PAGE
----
About Me

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Riverside County, California, United States
I am a native of Illinois and grew up in Wilmette, a northern suburb of Chicago. I have one sibling, an older brother. After dropping out of college, I moved to California in 1973 with my first husband. I married my present husband, Butch, in 1977 and got 4 children in the deal. They have gone on to make me a grandmother 24 times over and a great-grandmother of 13. Three years after I married Butch I returned to school. I got my bachelors and masters degrees in speech communication and was a professor in that field for 13 years. I retired in 2001 to return to school and get my doctorate in folklore. Now I meld my two interests - folklore and genealogy - and add my teaching background, resulting in my current profession: speaker/entertainer of genealogically-related topics. I play a number of folk instruments, but my preference is guitar, which I have been playing since 1963. I am a Board Certified genealogist and more information on all this, as well as direct contact info, is on my Circlemending website.

Friday, March 5, 2010

Irish Music: The real stuff!

It is officially the month when we can all play and sing Irish songs, whether or not our ancestry includes Ireland. The very existence of St. Patrick's Day automatically allows us the liberty of suddenly becoming Irish musicians. I will be doing 2 Irish music programs this month just to prove the point (note: to the best of my knowledge, I have not a single drop of Irish blood in my veins).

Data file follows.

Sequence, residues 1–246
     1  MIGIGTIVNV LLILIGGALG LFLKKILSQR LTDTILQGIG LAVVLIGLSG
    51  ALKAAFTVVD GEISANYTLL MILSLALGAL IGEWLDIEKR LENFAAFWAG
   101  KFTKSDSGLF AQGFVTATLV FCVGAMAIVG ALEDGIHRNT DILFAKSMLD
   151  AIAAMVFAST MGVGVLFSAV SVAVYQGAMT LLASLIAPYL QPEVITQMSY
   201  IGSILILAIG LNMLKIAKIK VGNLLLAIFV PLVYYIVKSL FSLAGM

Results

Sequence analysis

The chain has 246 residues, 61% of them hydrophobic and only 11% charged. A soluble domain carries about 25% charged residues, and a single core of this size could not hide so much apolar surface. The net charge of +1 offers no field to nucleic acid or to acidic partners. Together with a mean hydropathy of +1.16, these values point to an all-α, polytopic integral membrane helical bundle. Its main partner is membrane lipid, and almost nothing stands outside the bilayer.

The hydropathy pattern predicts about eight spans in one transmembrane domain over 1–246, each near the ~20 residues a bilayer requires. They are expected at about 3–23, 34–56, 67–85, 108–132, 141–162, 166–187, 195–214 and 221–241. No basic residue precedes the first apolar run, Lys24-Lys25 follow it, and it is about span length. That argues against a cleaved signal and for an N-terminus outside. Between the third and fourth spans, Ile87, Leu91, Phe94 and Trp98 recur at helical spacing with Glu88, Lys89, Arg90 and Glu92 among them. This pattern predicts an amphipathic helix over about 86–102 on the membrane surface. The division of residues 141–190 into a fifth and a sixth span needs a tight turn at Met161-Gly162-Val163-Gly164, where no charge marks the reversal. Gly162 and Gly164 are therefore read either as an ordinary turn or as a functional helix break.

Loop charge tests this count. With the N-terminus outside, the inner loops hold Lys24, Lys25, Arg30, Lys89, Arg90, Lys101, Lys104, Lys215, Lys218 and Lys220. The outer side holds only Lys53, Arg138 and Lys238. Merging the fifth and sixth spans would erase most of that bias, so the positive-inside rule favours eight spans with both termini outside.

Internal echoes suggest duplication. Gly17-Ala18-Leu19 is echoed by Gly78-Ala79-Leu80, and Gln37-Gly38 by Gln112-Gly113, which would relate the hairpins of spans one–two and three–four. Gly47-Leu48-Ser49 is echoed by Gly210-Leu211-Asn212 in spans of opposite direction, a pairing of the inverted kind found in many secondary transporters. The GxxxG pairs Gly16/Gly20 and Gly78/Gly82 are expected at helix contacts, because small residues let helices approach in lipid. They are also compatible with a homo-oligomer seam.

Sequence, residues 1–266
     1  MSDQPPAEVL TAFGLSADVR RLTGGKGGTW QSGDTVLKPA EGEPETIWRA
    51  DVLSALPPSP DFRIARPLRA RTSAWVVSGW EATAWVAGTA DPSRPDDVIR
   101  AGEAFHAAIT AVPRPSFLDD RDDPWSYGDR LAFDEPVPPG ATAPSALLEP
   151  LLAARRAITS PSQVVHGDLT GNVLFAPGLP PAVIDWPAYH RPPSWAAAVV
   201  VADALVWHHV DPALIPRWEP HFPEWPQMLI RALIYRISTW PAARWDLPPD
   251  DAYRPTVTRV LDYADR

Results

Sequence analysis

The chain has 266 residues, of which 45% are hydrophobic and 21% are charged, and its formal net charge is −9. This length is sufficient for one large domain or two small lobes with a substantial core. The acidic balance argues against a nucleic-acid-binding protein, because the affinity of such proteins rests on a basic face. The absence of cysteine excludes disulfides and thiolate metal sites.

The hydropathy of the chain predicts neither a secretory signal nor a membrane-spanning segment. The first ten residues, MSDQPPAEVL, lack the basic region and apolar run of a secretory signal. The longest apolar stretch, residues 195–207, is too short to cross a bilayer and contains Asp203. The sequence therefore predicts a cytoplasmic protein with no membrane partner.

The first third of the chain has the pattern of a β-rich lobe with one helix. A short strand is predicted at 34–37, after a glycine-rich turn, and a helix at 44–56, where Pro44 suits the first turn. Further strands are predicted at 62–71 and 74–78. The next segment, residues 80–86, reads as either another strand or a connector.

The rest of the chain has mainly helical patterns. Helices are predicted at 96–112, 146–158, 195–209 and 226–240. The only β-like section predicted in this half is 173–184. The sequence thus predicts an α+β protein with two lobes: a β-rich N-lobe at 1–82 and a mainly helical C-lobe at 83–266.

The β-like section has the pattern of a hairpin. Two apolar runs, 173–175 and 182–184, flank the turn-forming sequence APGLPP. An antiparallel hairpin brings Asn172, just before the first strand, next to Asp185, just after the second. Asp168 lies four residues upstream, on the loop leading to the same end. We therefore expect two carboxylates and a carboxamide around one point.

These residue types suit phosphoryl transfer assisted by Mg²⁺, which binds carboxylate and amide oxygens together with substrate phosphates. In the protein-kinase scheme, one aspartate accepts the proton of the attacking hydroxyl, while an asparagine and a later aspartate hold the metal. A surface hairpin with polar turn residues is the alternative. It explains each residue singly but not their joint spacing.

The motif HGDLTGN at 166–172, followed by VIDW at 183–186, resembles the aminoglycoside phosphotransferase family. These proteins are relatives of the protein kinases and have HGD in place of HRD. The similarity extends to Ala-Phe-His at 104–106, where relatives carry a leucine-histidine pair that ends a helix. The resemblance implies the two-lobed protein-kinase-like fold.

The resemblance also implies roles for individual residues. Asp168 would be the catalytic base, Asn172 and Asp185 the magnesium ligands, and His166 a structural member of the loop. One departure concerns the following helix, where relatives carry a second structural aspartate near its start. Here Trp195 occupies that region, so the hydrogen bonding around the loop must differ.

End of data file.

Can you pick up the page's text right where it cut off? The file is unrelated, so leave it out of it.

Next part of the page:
What songs do you think of when you think of Irish music? "When Irish Eyes are Smiling"? "Danny Boy"? "Kathleen Mavoureen"? "Irish Washerwoman"? Or do you think of "The Gypsy Rover," "Red is the Rose," or "Dark Island"? What's difference? That first grouping is like "pop" music, not the traditional material (with the possible exception of "Irish Washerwoman") that one is likely to hear in the Irish pubs.

One of my favorite Irish songs is "Red is the Rose," the Irish version of "Loch Lomond." Of course, if you ask an Irishman, he will tell you that "Red is the Rose" came first and that the Scots stole the melody, but if you ask a Scotsman, he'll tell you just the opposite. The songs have different "flavors" and, personally, I prefer the song of unrequited love that the Irish sing so convincingly. Check my CD of Irish Immigrant music on CDBaby to hear a short clip of the song.

To see this song performed by one of the best Irish musicians, Liam Clancy, who left us this past year, check his performance on YouTube. Liam was the last of the performing Clancy Brothers (best known for their career linked with Tommy Makem). Liam, at age 74, died on 4 December 2009. He was performing up until just a few short months before his death. A version of the lyrics can be found on the web, for those interested in the words.

2 comments:

  1. Thanks for the very nice post. I guess I am getting old, all the people I enjoyed listening to from years ago are dying off.

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  2. That's a good blog. Dave loves Irish music and I like it too. I will donate my Irish blood to you.

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